It’s the preparation of Holy Week that speaks more to me and evokes more memories than Easter Day itself. Vivid memories of my home Church, where our choir would sing a sacred cantata every Palm Sunday evening. Then on Good Friday afternoon we would head off in a coach to a country church to repeat the piece we’d rehearsed for the previous Sunday.
Our choice of setting for the Passion narrative alternated: one year Maunder’s Olivet to Calvary; the next Stainer’s Crucifixion. Both of them late Victorian attempts to rethink the great Bach Passions so that congregations could relate to them and they weren’t too difficult for ordinary choirs to perform. Each had choruses, chorales, recitatives and arias – and hymns for everyone to take part in.
It’s the Stainer that’s stayed with me. That’s not just because I still have the copy I sang from in the 60s, but I’ve sung it three times during 30 years in Dunfermline and, as many of you know, until coronavirus intervened we had plans to sing it here again last April with an augmented choir. It’s because it still speaks to me, all the way from The Agony in the Garden when Jesus asks three times “Could ye not watch with me one brief hour”, through that well-known setting of “God so loved the world” to The Appeal of the Crucified which starts “Is it nothing to you, all ye that pass by?”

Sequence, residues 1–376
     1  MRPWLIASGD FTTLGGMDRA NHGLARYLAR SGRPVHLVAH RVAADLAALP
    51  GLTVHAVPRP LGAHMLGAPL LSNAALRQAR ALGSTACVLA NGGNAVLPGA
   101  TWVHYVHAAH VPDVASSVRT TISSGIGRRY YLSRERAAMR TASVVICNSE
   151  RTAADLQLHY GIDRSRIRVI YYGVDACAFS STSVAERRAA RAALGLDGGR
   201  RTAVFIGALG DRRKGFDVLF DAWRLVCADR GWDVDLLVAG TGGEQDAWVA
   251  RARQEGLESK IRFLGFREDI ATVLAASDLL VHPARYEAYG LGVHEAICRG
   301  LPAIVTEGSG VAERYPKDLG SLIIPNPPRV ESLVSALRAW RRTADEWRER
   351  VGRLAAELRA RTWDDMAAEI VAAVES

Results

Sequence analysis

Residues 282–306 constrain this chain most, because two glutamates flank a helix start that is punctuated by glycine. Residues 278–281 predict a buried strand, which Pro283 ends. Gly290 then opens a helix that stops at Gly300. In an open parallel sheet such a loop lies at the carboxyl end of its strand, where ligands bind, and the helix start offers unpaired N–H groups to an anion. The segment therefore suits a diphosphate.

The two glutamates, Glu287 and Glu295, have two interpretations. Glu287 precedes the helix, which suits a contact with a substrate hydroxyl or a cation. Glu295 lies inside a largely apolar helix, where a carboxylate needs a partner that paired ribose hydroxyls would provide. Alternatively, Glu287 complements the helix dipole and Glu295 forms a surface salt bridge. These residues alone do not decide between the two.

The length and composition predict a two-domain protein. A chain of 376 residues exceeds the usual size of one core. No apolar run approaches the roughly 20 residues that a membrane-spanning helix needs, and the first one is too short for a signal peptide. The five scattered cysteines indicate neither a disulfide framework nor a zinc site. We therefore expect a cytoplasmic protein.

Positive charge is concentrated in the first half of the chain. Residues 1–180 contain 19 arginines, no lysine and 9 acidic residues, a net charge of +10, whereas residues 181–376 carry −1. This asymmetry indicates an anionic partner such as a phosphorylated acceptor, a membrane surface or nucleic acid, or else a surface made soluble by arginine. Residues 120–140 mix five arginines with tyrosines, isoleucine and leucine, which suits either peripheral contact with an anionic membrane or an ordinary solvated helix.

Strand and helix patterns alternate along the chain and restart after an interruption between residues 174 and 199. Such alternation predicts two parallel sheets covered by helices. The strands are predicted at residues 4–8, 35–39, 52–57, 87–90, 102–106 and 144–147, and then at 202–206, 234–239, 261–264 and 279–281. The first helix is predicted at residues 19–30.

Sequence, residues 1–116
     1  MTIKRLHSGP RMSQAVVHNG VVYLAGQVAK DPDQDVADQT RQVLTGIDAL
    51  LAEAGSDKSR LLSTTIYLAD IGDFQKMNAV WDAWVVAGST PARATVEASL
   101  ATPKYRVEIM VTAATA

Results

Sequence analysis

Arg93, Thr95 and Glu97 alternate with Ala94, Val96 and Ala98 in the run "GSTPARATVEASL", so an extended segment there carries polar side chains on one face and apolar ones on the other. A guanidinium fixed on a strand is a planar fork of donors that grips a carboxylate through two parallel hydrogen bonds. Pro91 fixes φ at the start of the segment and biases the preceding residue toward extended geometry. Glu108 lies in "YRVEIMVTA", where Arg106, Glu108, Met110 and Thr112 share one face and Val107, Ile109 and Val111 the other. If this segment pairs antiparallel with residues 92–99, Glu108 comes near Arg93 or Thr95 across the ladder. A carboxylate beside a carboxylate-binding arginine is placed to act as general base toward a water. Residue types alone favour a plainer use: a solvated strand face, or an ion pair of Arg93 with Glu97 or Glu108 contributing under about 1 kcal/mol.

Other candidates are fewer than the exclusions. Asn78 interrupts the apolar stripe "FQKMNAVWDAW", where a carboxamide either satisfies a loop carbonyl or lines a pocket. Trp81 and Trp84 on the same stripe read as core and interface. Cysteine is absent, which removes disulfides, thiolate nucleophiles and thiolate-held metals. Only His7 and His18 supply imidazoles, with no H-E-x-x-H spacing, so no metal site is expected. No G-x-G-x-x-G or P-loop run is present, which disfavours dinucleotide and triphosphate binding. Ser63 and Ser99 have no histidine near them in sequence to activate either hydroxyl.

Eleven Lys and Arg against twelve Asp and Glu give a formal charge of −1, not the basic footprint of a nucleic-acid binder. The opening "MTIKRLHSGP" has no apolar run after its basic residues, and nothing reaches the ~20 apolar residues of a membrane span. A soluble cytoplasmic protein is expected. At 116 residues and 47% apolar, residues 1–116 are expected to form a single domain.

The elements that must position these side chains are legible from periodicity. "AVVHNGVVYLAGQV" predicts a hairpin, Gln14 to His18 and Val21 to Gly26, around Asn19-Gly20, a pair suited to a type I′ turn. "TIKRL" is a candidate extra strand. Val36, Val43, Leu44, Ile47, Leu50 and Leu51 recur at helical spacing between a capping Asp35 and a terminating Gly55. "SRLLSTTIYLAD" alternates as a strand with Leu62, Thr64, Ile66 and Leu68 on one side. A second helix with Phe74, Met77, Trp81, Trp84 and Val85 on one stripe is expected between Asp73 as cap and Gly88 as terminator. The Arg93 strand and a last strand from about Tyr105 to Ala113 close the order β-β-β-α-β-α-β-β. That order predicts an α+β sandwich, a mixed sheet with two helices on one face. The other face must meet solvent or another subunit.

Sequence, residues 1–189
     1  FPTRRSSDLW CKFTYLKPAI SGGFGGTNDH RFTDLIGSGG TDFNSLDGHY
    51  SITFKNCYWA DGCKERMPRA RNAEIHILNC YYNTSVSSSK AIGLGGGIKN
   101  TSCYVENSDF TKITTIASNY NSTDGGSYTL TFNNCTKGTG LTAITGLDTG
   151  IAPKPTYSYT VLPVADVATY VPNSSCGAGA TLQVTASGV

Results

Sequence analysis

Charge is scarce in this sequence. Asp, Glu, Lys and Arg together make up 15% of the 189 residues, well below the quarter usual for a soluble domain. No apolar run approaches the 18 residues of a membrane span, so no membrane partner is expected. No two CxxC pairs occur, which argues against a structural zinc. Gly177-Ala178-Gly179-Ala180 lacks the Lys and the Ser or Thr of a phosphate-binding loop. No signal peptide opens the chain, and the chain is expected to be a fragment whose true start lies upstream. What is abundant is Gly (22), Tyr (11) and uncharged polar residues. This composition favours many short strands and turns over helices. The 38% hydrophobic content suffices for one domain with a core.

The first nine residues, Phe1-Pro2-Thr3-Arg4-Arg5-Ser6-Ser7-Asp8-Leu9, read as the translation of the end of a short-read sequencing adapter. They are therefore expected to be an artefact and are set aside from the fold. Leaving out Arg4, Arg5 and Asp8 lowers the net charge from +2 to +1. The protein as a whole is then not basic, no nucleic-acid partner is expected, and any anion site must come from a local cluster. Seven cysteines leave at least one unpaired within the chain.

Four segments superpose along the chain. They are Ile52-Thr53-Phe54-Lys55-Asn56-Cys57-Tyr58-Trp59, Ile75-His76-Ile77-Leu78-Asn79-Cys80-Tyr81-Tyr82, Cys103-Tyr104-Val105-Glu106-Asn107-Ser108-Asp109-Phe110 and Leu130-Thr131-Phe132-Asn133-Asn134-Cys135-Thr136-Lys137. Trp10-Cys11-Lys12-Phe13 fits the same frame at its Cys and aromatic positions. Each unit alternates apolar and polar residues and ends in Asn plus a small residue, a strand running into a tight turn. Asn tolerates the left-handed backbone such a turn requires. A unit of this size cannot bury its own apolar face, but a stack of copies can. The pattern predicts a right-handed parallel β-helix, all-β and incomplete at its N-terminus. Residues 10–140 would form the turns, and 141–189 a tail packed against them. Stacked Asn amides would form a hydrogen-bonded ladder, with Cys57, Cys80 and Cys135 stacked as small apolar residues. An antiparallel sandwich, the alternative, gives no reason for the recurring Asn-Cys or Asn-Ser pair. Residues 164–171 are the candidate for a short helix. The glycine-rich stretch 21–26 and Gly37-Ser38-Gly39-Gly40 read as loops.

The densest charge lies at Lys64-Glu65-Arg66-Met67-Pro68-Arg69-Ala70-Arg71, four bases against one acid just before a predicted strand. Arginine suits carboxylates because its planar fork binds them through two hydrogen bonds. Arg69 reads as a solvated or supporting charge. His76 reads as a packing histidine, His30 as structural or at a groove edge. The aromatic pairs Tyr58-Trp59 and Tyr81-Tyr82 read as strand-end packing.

I’m sad I won’t get to sing Crucifixion this year, but its words and music will be with me as I re-read the story of Christ’s Passion and death. I won’t hear a pin drop in the stillness that follows “It is finished” and I’ll think back to the congregation rising to sing the final hymn “All for Jesus”.
[If you want to find out more about Crucifixion and hear the music, go to our archive page]